• informed and infused by cutting edge research, scaffolded throughout their program of studies
    • acquired from personal interaction with research active educators, from year 1
    • accredited or validated against national or international standards (for relevant programs)
    1, 3, 5
    Critical thinking and problem solving
    • steeped in research methods and rigor
    • based on empirical evidence and the scientific approach to knowledge development
    • demonstrated through appropriate and relevant assessment
    2, 3, 4, 6
    Teamwork and communication skills
    • developed from, with, and via the SGDE
    • honed through assessment and practice throughout the program of studies
    • encouraged and valued in all aspects of learning
    2, 3, 4
    Career and leadership readiness
    • technology savvy
    • professional and, where relevant, fully accredited
    • forward thinking and well informed
    • tested and validated by work based experiences
    2, 3, 4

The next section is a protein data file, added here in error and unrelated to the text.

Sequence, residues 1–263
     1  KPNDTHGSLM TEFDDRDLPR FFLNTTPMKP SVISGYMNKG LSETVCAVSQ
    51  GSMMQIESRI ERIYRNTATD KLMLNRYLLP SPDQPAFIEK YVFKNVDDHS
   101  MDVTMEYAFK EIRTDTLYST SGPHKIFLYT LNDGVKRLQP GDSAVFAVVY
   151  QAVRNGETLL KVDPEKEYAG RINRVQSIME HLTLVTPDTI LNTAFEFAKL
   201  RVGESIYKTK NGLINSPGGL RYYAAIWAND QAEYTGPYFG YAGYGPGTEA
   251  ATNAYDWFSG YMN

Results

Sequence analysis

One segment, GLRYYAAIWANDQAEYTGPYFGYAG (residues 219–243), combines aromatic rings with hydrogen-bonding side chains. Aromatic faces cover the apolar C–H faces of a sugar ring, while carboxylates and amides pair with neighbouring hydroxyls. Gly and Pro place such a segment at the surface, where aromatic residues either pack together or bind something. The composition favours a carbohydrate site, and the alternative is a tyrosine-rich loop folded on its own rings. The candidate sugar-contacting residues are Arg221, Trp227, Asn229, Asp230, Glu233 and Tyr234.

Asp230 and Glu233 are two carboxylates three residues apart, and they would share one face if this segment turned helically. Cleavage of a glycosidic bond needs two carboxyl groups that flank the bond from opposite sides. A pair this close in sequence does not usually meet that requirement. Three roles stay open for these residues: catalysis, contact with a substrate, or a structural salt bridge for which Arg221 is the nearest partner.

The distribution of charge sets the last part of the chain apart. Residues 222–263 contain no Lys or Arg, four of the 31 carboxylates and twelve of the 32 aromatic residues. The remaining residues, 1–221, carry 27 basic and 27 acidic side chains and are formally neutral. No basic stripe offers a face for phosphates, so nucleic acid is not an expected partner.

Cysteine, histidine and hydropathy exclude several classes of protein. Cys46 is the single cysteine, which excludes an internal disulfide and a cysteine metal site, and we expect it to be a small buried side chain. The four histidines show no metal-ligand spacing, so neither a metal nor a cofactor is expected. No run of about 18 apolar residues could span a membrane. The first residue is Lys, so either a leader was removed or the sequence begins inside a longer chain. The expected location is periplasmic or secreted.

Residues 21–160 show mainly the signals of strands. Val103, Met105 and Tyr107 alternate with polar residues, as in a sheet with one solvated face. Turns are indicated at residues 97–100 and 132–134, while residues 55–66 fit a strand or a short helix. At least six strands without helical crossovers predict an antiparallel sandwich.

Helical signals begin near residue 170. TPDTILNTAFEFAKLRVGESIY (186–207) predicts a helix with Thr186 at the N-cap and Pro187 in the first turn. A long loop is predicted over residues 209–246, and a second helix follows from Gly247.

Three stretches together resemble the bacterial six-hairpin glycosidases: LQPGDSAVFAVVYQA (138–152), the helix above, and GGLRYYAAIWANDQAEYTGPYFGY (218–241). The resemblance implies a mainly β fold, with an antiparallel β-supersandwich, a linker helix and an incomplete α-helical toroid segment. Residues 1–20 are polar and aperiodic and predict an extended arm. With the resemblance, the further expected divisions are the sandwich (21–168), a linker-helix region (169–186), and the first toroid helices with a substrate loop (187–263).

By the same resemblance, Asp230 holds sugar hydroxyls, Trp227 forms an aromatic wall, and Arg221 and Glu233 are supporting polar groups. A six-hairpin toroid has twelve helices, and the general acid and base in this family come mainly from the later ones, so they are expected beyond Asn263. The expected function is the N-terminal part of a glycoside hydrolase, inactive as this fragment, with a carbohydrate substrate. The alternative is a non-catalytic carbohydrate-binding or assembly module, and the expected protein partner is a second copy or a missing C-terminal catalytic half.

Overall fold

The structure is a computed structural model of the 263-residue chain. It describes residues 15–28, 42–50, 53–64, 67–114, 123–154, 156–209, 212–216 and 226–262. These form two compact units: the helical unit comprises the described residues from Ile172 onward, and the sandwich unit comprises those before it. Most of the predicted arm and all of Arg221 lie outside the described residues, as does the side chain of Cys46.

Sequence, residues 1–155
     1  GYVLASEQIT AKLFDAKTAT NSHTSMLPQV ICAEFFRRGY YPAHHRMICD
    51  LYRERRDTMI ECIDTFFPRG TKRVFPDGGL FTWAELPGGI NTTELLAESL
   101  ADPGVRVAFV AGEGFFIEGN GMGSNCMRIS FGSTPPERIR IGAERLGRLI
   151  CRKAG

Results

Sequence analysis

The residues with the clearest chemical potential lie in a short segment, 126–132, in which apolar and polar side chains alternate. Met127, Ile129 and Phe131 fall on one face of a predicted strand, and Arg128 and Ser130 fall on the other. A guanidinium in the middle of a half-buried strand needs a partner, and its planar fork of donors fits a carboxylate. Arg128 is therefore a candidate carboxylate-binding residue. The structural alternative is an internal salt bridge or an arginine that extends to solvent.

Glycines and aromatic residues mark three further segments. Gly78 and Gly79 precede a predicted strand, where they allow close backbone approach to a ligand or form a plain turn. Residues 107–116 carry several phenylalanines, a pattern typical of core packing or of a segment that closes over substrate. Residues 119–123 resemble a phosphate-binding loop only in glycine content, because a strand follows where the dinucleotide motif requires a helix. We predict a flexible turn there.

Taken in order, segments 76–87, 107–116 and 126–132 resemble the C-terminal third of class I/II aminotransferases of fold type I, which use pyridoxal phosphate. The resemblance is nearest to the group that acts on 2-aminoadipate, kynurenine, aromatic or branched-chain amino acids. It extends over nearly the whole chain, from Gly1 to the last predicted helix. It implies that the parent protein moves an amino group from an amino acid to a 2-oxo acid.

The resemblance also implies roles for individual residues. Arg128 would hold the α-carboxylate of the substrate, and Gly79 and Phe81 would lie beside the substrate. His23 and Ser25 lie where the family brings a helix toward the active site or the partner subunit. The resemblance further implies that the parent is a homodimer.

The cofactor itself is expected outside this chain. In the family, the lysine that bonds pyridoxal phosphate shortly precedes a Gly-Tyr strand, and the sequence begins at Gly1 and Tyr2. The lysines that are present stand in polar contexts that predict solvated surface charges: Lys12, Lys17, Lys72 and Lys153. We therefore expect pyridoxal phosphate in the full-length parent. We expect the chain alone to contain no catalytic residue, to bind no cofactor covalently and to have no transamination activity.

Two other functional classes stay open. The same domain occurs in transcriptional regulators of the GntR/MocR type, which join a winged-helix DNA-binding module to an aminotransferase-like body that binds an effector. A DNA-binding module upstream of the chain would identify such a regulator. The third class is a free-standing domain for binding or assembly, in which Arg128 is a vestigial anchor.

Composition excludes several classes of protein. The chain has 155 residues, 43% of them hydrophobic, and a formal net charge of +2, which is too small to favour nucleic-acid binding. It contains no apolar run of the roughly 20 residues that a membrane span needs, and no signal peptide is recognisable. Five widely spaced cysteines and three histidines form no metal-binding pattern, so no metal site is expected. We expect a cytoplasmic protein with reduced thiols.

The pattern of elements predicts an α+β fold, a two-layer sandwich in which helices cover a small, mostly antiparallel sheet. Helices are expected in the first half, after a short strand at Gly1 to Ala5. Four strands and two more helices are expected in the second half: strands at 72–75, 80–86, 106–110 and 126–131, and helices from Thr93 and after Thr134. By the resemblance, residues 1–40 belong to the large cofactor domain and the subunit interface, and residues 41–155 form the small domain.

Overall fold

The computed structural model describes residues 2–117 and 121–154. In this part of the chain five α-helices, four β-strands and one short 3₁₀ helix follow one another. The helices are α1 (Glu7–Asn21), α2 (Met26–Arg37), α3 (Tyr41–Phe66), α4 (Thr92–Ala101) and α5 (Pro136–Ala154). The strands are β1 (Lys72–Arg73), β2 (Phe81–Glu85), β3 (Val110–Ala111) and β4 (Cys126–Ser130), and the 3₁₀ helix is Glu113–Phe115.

Intercultural and ethical competency
    • adept at operating in other cultures
    • comfortable with different nationalities and social contexts
    • Able to determine and contribute to desirable social outcomes
    • demonstrated by study abroad or with an understanding of indigenous knowledges
    2, 5, 6
    Self-awareness and emotional intelligence
    • a capacity for self-reflection and a willingness to engage in self-appraisal
    • open to objective and constructive feedback from supervisors and peers
    • able to negotiate difficult social situations, defuse conflict and engage positively in purposeful debate
    2, 6
  • Learning Resources
    Required Resources
    More information about required resources will be provided through MyUni.
  • Learning & Teaching Activities
    Learning & Teaching Modes
    This course is taught in a weekly three-hour seminar

    The information below is provided as a guide to assist students in engaging appropriately with the course requirements.

    1 x 3-hour seminar per week

    2 hours assignment preparation per week

    3 hours research and news engagement per week

    5 hours reading per week

    Learning Activities Summary
    Week-by-week course content is available on the MyUni site.
    Specific Course Requirements
    No specific course requirements.